Depression: Did You Know?
- Depression is one of the three most commonly diagnosed mood disorders. The other two are:
- Dysthymia, a low-grade, chronic depression
- Bipolar Disorder (also referred to as manic depression), extreme mood swings punctuated by periods
of generally even-keeled behavior
- Depression is more than the "blues" that everyone experiences – feelings of sadness that eventually pass. It’s an illness, not a character flaw or a weakness. People who suffer from depression cannot shake it off. They need help to overcome it.
- There is no single known cause of depression. It most likely results from a combination of genetic, biochemical, environmental, and psychological factors. (National Institute of Mental Health (NIMH))
- The incidence of childhood depression has been growing steadily, and the age at which it first appears in children continues to drop.
- As many as 10 percent of children suffer from depression before age 12. (Niehart, 2001)
- Before puberty, boys and girls are equally likely to develop depression; but by age 15, girls are far more likely than boys to do so. (NIMH)
- Some experts are convinced that gifted children are more likely to suffer from depression, while others believe the evidence does not support that claim.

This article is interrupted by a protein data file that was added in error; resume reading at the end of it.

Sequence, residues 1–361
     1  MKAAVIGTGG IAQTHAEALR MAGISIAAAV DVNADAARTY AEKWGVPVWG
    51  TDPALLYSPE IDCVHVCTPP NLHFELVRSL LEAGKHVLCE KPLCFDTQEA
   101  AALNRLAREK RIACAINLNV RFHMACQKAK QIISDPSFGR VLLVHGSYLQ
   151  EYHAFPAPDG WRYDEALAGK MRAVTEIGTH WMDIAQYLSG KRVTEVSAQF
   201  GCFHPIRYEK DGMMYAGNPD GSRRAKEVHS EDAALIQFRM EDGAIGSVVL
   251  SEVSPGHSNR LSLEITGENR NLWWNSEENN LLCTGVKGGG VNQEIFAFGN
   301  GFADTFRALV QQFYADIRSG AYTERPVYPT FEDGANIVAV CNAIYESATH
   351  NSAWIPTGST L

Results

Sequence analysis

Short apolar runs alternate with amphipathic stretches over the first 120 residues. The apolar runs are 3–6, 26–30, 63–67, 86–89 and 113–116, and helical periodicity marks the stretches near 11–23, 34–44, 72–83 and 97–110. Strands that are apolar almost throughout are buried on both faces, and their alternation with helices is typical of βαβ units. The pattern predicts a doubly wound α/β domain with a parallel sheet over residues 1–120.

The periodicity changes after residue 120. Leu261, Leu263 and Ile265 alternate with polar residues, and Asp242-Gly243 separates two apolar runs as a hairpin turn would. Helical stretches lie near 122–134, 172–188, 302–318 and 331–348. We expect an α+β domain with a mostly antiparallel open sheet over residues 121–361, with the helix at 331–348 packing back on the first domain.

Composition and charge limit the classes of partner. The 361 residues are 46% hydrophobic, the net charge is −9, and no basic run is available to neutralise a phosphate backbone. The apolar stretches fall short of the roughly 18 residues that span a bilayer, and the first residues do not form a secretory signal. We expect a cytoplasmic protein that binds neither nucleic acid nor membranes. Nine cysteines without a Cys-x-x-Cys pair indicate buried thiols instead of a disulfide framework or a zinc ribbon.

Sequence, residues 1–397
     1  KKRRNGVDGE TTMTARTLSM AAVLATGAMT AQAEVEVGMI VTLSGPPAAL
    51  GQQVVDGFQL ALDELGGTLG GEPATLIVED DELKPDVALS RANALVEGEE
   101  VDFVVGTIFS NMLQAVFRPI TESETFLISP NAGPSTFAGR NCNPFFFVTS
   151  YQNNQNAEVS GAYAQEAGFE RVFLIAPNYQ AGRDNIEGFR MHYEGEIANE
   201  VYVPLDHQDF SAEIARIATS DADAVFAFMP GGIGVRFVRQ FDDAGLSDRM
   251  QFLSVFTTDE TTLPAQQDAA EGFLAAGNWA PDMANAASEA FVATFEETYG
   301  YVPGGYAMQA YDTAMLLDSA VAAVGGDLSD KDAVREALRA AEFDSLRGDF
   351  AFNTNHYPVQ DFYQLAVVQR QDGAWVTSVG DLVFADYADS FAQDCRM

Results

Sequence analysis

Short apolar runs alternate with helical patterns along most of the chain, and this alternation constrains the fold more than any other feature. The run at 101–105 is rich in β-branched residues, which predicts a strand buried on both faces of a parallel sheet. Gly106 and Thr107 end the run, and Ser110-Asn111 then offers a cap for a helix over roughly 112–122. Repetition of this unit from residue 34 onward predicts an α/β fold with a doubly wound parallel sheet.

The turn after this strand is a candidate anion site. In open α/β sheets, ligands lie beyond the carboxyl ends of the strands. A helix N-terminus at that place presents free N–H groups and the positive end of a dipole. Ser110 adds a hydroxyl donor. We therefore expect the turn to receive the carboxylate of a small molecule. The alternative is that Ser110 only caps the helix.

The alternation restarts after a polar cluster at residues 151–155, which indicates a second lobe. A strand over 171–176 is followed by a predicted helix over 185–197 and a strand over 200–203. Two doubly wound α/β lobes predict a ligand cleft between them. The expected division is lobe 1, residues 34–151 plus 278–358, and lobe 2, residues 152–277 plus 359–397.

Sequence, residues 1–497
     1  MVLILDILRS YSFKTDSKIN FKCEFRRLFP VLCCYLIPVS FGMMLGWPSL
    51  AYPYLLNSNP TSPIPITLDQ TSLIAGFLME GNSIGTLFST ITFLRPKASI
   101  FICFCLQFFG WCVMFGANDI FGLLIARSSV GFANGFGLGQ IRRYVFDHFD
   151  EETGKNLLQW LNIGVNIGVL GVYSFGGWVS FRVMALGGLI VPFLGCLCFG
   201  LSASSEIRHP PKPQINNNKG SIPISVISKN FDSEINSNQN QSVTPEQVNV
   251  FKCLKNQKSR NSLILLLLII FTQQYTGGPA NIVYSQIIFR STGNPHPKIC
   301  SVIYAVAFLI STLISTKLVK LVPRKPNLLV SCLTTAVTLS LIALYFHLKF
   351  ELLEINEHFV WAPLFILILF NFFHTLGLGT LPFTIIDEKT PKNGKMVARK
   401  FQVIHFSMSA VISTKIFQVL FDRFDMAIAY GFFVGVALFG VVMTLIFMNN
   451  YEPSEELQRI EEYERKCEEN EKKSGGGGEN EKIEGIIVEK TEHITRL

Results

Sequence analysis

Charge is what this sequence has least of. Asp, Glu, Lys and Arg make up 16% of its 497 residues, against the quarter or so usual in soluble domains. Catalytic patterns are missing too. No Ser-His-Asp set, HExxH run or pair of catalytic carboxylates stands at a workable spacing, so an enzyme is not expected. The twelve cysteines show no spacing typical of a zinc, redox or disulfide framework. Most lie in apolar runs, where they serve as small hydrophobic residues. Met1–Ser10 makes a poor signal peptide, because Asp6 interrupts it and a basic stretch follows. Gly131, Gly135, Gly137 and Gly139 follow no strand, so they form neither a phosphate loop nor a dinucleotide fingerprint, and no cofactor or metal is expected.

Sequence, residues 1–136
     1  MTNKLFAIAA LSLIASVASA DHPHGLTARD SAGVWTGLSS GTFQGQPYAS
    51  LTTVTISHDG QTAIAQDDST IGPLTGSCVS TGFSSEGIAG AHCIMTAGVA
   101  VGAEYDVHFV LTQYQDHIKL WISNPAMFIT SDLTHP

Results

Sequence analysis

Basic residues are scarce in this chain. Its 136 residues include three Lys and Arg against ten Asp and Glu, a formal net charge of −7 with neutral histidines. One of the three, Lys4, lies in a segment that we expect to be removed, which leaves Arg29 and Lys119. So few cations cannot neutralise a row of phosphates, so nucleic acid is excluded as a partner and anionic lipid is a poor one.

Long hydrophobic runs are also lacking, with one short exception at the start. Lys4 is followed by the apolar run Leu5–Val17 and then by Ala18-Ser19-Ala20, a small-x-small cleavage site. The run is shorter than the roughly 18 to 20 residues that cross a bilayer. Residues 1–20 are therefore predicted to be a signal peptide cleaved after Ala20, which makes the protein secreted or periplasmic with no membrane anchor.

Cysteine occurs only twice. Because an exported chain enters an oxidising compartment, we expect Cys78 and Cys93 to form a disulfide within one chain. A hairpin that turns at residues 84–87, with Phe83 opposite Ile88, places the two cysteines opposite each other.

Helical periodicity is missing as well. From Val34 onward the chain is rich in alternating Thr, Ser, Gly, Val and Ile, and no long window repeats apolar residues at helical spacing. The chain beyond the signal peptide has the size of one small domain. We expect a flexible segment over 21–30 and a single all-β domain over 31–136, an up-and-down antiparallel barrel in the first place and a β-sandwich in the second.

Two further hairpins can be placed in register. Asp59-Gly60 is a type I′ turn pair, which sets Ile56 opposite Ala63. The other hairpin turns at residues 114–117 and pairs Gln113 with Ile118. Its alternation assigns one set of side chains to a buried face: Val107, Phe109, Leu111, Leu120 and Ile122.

- Research has consistently shown a link between children with learning disabilities and depression.
- Effective treatments for depression include counseling, education, and antidepressant medication.
- According to the NIMH, younger children with depression may do the following:
- Pretend to be sick
- Refuse to go to school
- Cling to a parent
- Worry that a parent may die.
- Older children with depression may:
- Get into trouble at school
- Be negative and irritable
- Feel misunderstood.
- The symptoms of depression in children are easy to mistake for the normal mood swings that occur as children move through developmental stages.
- Parents who suspect that their child is depressed can do the following:
- Reduce or eliminate their child’s consumption of sugar and caffeine, which destabilize moods.
- Increase the child’s level of exercise, especially if he or she has not been recently active.
- Encourage the child to maintain or build social relationships with true peers.
- Many gifted and 2e children have traits that appear to be related to childhood and adolescent depression as well as suicide:
- Feelings of loneliness and alienation
(Webb & others, 2007, p. 153)
National Institute of Mental Health. Depression. Available from www.nimh.nih.gov/health/publications/depression/complete-publication.shtml
Niehart, M. (2001). Depression and gifted children. Duke Gifted Letter, Volume 1/Issue 2/Winter. (Available from www.dukegiftedletter.com/movabletype/mt-tb.cgi/15)
Webb, J., Gore, J., Amend, E. & DeVries, A. (2007). A parent’s guide to gifted children. Scottsdale: Great Potential Press, Inc.
More Information about Depression
For more on anxiety and mood disorders, see these articles from the July, 2008, issue of 2e:Twice-Exceptional Newsletter:
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